Hydropower could double by 2050, say IEA and Brazilian government

By John Parnell

Doubling global hydropower production could save as much as 3 billion tonnes of CO2, according to a new report by energy watchdog the IEA and the Brazilian Government.

The study claims that developing countries in particular have massive potential to develop new large hydropower plants.

Half of the global potential is in Asia. Africa has the most under-developed market so far with 92% of feasible sites unexploited.

“Hydroelectricity is a very cost-effective technology already,” said Richard H. Jones, deputy executive director, IEA.

“However, new developments face tough financial challenges. Governments must create a favourable climate for industry investment when designing electricity markets,” warned Jones.

The Hoover Dam has contributed to water shortage issues in downstream US States as well as across the border in Mexico. (Source: Creative Commons/Wili Hybrid)

Hydropower is already the largest renewable energy source globally with four times more capacity than wind power, according to figures from the REN21 industry group.

“Large and small hydropower projects can improve access to modern energy services, alleviate poverty and foster social and economic development, especially for local communities” said Albert Geber de Melo, general-director of the Brazilian Electric Energy Research Centre (CEPEL).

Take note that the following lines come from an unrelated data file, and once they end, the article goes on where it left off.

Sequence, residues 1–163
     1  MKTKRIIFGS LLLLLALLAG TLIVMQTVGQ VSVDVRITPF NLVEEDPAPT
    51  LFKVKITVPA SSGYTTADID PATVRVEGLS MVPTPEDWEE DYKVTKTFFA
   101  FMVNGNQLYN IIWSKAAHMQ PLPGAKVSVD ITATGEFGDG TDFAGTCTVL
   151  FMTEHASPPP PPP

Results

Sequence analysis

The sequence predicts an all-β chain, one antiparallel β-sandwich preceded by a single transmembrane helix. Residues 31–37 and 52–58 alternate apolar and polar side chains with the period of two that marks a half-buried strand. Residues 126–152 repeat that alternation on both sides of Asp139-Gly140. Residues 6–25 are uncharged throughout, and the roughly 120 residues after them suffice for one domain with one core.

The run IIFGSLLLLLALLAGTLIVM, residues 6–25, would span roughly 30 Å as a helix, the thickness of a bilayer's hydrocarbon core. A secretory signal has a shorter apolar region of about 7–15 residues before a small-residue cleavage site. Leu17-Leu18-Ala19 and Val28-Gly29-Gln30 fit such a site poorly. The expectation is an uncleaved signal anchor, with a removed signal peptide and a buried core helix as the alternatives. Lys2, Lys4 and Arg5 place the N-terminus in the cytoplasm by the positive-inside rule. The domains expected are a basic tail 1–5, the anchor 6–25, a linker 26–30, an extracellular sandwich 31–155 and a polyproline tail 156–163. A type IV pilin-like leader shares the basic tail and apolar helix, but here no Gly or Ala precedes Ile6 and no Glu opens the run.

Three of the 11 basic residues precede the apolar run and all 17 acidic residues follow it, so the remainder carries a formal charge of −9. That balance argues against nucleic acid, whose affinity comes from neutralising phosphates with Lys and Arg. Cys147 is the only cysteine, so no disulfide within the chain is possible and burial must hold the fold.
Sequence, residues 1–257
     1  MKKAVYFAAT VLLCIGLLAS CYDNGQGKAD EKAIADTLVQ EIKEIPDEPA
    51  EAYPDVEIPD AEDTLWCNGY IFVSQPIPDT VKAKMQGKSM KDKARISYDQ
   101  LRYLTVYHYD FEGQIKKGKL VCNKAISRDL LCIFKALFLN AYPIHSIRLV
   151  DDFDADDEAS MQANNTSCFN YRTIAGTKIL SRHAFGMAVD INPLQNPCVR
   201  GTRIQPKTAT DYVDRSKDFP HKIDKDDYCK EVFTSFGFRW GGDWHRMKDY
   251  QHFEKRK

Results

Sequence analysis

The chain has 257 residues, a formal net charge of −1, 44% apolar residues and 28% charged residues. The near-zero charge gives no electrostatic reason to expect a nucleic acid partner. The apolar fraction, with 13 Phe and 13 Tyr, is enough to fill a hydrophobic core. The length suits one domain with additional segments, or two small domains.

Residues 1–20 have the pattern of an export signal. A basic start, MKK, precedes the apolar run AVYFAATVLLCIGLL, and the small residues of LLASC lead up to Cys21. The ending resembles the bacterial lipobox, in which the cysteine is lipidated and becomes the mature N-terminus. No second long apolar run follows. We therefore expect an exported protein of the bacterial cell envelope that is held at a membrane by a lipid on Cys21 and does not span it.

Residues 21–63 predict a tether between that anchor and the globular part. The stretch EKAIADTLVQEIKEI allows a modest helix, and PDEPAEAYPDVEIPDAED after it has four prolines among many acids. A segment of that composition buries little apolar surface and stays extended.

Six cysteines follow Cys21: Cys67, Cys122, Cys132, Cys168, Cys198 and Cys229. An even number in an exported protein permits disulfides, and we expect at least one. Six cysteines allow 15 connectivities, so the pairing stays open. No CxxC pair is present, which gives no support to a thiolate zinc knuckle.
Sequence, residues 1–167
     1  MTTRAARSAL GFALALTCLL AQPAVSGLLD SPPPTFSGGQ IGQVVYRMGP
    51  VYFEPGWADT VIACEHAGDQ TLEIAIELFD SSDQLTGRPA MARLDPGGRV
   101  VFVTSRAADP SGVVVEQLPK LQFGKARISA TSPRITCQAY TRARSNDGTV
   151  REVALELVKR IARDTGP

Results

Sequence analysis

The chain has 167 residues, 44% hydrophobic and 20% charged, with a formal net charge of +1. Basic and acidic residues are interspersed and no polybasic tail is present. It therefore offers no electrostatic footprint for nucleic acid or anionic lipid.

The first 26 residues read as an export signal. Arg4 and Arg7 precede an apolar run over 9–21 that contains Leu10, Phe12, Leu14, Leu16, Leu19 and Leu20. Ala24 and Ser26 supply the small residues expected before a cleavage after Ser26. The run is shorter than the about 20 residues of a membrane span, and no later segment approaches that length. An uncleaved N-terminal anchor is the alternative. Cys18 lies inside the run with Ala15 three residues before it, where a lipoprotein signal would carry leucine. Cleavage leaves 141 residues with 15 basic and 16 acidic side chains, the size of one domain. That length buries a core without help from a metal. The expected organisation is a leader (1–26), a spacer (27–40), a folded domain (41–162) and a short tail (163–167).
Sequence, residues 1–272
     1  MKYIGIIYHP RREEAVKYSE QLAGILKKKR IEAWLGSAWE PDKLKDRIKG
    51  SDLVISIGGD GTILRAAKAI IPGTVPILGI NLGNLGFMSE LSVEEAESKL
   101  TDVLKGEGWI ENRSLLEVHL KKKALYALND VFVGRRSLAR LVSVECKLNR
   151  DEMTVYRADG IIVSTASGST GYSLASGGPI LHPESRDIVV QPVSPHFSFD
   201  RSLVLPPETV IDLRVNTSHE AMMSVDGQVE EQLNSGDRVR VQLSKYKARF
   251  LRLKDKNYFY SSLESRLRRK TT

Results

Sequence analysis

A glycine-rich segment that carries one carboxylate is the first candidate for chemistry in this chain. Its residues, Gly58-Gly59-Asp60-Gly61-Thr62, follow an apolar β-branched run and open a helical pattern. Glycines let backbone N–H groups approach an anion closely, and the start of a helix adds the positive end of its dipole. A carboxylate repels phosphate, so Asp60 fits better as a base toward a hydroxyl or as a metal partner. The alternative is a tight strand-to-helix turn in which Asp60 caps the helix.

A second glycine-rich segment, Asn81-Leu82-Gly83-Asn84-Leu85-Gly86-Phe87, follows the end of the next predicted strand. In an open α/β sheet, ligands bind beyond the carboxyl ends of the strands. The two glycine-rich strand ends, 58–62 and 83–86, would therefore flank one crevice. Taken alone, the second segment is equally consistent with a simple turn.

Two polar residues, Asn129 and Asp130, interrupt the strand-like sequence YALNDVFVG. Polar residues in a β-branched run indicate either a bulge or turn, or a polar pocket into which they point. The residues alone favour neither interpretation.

Hydropower accounts for approximately 90% of Brazil’s electricity, so its support for more investment in this form of electricity generation is no surprise.

The government is currently investing in the multi-billion dollar Belo Monte dam project in the Amazon, despite heavy criticism from environmentalists and groups representing indigenous tribes.

This is not a problem unique to Brazil – campaign groups are active around the world in opposition to big hydropower projects in the basis of the forests, land and people that they displace.

“If the IEA wants to tackle climate change and poverty, it needs to stop fixating on large-scale projects that only benefit big investors, and instead re-read its own 2010 World Energy Outlook which calls for decentralised renewable energy that can be owned by communities,” said Pascoe Sabido, sustainable energy advisor with Friends of the Earth.

“The IEA is predicting big emissions reductions from doubling hydroelectricity, but all the recent science shows that’s not the case,” Sabido told RTCC.

“Large dams are far from a carbon neutral source of electricity when you take into account the flooded forests that were previously sucking carbon out of the atmosphere. As they decompose, they release large quantities of methane which recent reports show could be up to 50 times worse for the climate than carbon dioxide.”

Dams also affect the downstream water supply creating diplomatic tensions with countries further down river.

Egypt depends almost entirely on the Nile for its water supplies and is currently in a dispute with Ethiopia over its proposal for a 6GW hydropower plant on the Nile.

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